Many domain names have restrictions on who can buy them. This is to ensure integrity and to stop unscrupulous people buying up domain names they think other people will want then forcing them to pay over the odds for the name.  e.g. .ac.uk is only for UK academic institutions.

“Wrong” domain names are where scammers pick up whatever domain names they can get cheaply, using an automated system and without any restrictions on who can buy them.

e.g. “.bid” was very popular with scammers as it is cheap and available to all. “.icu” is a new domain name that is becoming very popular with scammers for the same reasons.

Say you get a message about some piece of farm equipment but it’s from an email address ending in diabetescure.icu then you should be suspicious as it looks like a scammer has changed from selling diabetes scams to selling farm scams.

Likewise someone offering a price comparison but the email address ends in .xyz

If the domain name doesn’t match the apparent company name or subject of the message then be suspicious.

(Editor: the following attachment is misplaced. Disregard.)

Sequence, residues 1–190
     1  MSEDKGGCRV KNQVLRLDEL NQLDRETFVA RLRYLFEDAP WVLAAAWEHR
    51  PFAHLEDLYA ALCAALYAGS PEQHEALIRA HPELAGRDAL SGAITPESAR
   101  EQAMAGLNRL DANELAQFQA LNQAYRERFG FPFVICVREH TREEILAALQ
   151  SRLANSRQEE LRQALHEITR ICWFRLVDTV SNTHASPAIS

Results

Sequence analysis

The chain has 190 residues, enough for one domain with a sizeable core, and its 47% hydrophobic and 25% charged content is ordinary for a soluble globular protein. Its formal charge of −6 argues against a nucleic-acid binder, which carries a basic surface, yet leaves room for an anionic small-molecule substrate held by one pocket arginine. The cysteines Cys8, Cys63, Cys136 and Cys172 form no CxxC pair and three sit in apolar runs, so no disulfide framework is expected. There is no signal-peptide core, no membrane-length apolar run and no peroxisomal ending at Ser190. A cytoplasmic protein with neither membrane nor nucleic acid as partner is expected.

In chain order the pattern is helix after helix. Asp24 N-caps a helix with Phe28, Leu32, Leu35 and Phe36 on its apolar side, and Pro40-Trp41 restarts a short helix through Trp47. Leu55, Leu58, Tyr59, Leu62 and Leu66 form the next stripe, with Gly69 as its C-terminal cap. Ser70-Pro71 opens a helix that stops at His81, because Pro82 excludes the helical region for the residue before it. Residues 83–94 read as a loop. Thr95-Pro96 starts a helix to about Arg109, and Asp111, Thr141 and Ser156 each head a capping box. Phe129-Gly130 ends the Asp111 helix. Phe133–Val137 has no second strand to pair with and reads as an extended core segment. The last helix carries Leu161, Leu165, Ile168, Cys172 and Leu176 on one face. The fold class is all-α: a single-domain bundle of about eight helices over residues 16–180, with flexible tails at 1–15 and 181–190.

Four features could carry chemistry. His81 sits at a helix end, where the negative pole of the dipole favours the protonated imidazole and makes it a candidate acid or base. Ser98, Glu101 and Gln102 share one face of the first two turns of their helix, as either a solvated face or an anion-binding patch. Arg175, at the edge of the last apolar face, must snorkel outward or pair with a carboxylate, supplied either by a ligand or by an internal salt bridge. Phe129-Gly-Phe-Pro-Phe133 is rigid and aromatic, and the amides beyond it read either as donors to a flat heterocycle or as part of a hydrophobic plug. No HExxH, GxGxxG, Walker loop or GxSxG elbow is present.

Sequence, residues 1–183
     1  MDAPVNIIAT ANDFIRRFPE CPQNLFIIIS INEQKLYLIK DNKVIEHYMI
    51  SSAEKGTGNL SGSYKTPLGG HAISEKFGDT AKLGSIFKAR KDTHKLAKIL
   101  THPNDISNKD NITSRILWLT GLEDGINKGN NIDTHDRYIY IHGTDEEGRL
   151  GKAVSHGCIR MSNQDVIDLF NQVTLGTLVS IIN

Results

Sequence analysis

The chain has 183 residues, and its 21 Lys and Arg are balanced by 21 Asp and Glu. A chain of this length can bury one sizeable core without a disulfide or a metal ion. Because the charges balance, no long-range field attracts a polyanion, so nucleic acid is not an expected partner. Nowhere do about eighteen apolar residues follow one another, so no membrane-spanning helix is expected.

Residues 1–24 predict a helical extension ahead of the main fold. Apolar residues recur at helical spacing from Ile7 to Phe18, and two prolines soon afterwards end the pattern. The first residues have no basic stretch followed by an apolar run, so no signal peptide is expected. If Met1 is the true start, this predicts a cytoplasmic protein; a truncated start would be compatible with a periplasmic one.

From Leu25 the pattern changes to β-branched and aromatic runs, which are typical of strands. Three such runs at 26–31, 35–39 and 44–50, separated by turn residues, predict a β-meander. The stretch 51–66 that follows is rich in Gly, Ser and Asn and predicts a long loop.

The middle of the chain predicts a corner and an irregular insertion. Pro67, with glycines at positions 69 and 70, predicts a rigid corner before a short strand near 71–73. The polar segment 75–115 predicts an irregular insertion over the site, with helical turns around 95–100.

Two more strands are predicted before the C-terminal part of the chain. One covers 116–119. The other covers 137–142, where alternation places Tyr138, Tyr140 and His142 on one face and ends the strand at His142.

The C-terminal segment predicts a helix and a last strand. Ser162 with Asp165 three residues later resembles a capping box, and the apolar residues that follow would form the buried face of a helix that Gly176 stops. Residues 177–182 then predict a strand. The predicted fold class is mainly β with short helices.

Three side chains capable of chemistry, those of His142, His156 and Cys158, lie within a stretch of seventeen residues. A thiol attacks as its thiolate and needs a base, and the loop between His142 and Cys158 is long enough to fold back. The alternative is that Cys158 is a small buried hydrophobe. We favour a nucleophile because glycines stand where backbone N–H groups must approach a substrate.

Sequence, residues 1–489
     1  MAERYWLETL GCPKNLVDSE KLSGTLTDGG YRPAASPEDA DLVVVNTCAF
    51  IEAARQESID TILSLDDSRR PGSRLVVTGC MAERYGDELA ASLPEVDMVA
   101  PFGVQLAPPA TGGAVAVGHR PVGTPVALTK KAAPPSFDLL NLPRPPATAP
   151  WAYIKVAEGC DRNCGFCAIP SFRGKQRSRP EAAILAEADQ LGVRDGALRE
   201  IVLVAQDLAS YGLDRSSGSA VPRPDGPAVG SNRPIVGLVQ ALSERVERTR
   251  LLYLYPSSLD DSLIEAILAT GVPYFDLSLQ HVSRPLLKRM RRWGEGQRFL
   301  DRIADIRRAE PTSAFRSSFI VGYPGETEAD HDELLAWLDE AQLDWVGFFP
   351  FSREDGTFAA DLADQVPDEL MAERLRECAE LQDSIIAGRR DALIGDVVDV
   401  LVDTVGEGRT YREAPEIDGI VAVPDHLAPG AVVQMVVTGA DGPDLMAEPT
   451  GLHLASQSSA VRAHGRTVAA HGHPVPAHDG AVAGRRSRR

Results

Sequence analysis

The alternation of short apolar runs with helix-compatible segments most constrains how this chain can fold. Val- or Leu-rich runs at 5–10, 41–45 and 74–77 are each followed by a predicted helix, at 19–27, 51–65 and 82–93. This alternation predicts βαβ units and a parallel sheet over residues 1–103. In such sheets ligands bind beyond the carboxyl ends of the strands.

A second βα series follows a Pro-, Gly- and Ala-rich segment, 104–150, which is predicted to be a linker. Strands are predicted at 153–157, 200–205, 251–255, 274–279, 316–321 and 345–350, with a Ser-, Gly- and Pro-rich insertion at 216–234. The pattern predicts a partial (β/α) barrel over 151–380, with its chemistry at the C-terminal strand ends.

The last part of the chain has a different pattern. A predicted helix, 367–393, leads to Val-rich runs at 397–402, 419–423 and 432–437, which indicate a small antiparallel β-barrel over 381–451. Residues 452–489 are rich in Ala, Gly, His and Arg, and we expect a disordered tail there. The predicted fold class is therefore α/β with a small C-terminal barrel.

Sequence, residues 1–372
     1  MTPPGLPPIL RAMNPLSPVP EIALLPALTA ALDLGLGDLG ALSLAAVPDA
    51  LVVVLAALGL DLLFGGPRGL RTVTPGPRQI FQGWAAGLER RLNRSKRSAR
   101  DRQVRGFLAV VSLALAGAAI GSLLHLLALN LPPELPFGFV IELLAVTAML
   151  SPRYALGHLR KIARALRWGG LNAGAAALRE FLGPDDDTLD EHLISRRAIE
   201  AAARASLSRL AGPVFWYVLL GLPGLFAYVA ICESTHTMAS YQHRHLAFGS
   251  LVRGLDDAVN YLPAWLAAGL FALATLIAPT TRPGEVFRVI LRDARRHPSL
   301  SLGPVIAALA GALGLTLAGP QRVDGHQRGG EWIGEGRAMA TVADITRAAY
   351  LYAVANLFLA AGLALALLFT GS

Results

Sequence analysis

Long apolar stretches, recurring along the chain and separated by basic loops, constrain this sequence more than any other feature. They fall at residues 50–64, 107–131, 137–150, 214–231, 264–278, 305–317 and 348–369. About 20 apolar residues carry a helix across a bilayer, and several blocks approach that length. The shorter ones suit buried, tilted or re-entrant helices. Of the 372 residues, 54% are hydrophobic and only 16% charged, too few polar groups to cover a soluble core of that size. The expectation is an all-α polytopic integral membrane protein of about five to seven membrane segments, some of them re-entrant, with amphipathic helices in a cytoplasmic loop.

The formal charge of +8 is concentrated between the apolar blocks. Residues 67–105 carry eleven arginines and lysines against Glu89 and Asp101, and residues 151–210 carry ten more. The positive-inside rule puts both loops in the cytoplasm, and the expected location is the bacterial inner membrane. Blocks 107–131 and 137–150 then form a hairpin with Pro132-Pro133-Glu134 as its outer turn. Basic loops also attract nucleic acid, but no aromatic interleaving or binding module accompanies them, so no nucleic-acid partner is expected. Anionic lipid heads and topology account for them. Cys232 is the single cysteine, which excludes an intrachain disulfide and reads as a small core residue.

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The 118 Call Redirection Scam

Disreputable 118 directories businesses have been buying up out of use phone numbers – they chose ones that are very similar to popular numbers e.g. one digit wrong from Marks and Spencer or numbers from well-known companies that have gone out of business  e.g. Toys R Us.

Why do they buy these numbers?

So they can put what is essentially an advert for themselves but cunningly made to look as if it is instructions from the out of business company.

e.g. you call a number you think is valid but get a recorded message telling you the number is no longer valid and you should call 118 …….  You call them and you will be talking to a directory service which then charges you for calling and asking for the right number and likely charges you for every minute you talk on that new number.

This can catch people out and they can end up with hefty bills that are unexpected. In some cases more than £50.

Power Tel that run the 118 023 service has been fined £200,000 by the Phone Paid Services Authority for this scam.

Do you have an opinion on this matter? Please comment in the box below.